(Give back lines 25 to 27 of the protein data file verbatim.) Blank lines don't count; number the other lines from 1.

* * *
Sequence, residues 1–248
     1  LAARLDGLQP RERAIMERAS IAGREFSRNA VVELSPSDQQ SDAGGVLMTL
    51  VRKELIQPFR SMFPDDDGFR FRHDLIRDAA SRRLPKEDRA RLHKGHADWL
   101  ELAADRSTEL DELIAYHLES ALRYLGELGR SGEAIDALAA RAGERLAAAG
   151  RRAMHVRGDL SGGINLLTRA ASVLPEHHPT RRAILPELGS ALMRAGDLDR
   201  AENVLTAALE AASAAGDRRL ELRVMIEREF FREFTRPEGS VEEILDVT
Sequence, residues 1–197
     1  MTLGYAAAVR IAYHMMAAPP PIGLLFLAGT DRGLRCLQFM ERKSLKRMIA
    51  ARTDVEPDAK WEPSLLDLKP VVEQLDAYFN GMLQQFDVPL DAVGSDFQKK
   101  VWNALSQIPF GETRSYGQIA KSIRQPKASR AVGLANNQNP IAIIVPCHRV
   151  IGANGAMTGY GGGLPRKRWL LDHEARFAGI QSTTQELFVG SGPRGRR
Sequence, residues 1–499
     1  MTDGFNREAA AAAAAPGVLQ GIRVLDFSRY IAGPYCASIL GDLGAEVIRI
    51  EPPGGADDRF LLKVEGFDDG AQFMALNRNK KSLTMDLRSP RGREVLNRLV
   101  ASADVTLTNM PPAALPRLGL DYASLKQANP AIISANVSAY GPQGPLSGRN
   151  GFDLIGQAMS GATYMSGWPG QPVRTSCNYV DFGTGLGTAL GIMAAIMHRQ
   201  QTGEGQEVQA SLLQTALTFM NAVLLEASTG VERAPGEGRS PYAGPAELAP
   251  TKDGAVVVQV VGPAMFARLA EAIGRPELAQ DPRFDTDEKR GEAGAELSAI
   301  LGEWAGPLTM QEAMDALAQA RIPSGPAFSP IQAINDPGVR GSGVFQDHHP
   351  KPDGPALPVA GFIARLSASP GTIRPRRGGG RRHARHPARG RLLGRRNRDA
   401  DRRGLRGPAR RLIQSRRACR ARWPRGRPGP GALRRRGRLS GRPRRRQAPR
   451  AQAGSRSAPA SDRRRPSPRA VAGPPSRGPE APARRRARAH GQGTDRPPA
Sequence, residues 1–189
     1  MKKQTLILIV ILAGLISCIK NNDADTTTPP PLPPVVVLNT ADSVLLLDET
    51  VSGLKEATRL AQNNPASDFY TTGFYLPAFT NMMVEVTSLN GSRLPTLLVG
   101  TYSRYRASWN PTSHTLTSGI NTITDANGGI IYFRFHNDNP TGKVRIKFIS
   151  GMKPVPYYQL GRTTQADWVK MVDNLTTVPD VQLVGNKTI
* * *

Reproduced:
    51  VSGLKEATRL AQNNPASDFY TTGFYLPAFT NMMVEVTSLN GSRLPTLLVG
   101  TYSRYRASWN PTSHTLTSGI NTITDANGGI IYFRFHNDNP TGKVRIKFIS
   151  GMKPVPYYQL GRTTQADWVK MVDNLTTVPD VQLVGNKTI